Jean-Louis Cohen – “Architecture Drafted; Design Expertise and the World War II Experience”

Thursday, February 2
5:30 PM

Stanford University Department of Art & Art History
Cummings Art Building
Free and open to the public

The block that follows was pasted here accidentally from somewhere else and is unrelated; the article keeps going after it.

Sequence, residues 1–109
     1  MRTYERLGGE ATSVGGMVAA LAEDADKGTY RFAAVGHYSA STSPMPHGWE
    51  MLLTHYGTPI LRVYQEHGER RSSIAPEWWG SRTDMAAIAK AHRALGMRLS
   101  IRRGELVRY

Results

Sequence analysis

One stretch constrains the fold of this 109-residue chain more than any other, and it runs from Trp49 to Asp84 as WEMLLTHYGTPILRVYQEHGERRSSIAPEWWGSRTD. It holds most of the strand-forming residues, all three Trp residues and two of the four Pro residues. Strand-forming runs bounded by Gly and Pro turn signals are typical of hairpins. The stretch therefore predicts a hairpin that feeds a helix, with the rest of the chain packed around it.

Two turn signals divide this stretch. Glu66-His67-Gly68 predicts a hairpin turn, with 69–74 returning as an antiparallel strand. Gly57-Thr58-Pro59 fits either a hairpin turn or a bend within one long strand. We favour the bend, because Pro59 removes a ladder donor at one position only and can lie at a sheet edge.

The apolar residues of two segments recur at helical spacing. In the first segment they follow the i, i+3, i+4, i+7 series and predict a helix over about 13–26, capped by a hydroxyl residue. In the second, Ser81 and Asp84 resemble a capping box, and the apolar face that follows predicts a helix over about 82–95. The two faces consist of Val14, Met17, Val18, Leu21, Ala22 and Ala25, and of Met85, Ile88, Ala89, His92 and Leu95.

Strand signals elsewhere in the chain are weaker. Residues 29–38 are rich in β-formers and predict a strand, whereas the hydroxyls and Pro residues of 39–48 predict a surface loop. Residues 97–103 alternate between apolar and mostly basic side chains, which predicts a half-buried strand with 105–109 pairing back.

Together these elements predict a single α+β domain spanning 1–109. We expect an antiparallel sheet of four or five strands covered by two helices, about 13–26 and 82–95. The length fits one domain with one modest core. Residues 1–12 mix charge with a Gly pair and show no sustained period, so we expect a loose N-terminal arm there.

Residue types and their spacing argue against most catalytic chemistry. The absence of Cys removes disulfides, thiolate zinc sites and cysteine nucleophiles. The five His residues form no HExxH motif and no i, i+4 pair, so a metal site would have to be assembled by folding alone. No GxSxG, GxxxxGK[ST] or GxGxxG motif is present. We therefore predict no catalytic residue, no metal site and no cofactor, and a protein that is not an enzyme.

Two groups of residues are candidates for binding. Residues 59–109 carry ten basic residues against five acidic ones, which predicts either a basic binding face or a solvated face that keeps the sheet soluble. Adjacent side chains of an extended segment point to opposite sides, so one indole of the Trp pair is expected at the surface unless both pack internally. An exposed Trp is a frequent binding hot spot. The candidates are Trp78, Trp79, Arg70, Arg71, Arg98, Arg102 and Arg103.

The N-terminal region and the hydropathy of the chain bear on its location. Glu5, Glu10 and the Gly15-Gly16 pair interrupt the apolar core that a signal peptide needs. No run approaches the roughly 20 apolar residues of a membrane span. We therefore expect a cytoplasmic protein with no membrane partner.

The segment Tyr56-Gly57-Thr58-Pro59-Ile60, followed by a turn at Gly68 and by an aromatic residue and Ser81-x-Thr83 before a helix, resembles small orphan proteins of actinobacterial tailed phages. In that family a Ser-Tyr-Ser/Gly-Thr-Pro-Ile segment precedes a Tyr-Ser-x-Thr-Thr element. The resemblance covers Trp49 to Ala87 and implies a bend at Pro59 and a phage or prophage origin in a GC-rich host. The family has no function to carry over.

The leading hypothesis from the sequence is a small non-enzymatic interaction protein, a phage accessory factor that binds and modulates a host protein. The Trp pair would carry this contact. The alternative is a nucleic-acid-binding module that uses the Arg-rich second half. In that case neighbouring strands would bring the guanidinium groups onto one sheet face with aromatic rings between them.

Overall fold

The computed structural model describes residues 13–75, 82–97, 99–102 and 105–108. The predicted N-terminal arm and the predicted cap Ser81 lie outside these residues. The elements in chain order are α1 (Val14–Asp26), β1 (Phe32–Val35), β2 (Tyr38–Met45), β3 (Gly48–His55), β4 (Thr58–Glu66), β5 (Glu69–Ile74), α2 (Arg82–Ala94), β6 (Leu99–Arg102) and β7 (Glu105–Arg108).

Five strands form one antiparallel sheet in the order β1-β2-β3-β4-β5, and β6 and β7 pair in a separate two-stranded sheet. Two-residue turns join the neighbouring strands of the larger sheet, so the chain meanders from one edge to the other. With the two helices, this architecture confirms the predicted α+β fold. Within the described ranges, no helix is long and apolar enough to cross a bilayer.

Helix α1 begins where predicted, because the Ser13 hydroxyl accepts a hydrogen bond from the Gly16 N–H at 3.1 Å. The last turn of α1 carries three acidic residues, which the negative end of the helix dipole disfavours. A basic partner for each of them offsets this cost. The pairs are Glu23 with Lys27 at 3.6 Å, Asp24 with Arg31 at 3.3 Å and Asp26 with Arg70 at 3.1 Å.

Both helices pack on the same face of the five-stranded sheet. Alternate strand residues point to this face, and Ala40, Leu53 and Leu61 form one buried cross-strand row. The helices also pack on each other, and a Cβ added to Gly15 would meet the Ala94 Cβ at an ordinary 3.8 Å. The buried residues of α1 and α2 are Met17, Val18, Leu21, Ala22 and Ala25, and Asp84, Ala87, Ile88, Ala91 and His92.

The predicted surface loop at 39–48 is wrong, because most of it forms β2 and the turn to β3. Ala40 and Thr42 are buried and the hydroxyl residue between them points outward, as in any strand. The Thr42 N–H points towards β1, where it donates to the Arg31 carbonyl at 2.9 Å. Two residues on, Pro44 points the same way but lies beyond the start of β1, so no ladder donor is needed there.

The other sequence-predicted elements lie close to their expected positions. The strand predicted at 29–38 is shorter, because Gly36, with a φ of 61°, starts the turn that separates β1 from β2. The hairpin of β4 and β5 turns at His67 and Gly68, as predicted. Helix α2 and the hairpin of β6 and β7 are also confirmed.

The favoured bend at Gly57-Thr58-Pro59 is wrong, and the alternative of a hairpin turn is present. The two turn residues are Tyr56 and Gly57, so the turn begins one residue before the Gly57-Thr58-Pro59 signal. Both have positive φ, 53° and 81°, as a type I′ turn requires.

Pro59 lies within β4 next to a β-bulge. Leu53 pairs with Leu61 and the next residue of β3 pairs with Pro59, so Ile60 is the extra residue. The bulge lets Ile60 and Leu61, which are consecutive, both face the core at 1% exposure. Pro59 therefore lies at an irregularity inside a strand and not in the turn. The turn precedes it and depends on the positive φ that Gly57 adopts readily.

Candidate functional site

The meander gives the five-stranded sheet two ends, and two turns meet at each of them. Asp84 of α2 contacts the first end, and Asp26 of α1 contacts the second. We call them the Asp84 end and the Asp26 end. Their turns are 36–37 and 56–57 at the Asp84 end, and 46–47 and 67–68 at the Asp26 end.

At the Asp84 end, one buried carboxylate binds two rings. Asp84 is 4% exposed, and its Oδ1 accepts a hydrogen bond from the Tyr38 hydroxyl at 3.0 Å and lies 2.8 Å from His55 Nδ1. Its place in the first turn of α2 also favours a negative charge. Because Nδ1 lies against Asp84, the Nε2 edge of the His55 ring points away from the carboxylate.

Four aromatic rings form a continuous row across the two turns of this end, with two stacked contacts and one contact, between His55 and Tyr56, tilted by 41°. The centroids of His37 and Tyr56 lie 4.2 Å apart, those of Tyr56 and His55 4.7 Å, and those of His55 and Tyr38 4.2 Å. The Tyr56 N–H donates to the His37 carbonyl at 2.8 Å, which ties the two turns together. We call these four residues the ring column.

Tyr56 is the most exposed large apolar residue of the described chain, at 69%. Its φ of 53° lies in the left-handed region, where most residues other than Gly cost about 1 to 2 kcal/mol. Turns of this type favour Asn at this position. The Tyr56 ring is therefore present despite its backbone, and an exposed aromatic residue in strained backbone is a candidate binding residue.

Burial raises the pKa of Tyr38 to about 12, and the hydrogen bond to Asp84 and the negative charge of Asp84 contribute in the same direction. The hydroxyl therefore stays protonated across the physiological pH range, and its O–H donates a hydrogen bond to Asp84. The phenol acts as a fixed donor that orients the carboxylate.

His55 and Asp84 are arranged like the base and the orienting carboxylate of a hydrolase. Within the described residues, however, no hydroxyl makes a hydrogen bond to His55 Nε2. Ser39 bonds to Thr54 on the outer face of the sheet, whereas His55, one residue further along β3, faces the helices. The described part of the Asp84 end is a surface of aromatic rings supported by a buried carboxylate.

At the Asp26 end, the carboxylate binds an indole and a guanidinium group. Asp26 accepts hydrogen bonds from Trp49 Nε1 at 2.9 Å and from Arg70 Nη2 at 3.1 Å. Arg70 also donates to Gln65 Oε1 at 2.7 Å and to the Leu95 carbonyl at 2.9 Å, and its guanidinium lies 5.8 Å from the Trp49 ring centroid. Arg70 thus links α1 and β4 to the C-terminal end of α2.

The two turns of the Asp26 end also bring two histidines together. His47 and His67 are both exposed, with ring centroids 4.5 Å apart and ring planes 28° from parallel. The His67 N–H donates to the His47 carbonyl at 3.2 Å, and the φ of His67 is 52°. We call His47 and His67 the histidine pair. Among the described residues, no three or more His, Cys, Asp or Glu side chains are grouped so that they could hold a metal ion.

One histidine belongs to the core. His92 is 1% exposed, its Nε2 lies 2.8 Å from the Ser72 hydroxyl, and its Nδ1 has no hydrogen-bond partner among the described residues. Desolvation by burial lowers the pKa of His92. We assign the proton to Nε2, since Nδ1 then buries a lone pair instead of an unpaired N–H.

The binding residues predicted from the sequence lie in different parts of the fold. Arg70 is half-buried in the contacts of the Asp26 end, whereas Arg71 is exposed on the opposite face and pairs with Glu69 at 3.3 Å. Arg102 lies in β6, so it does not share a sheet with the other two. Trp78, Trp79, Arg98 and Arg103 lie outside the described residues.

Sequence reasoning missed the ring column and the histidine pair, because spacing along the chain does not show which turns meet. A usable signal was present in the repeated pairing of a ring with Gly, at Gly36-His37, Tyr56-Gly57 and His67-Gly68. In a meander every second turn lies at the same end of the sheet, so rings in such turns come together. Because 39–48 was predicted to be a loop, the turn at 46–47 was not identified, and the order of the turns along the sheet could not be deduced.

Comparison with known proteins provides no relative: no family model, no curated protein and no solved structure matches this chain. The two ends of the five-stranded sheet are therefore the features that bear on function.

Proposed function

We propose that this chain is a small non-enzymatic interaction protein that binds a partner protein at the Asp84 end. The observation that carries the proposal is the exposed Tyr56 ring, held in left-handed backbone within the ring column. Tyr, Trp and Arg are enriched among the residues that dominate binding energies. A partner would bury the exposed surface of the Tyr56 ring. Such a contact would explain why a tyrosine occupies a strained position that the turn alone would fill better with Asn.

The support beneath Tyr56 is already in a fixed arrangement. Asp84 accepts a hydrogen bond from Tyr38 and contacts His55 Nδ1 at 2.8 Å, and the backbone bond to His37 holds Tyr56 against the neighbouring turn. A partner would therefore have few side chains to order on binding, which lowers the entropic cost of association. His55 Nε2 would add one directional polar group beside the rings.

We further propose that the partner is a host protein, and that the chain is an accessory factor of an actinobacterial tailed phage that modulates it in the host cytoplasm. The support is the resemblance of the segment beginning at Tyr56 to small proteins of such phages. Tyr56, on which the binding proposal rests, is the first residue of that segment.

Considered as a blank period by most historians, the Second World War corresponds however to an intense body of experience, which can be observed from Japan to the United States, passing through Russia, Germany, France, Italy, Spain and England. The preparation of war, the total mobilization of territories and cities and their eventual occupation, destruction and reconstruction, are all key episodes in the worldwide process of modernization. Based on more than a decade of research, investigating design activity in the belligerent countries between the bombings of Guernica in 1937 and Hiroshima in 1945, Jean-Louis Cohen‘s book discusses six major themes: war to the cities; producing production; architecture for the front -and the rear; macro to micro, and war to peace. These themes are inserted in a broader interpretive narrative showing how architecture expertise has been both used and reshaped by the war.


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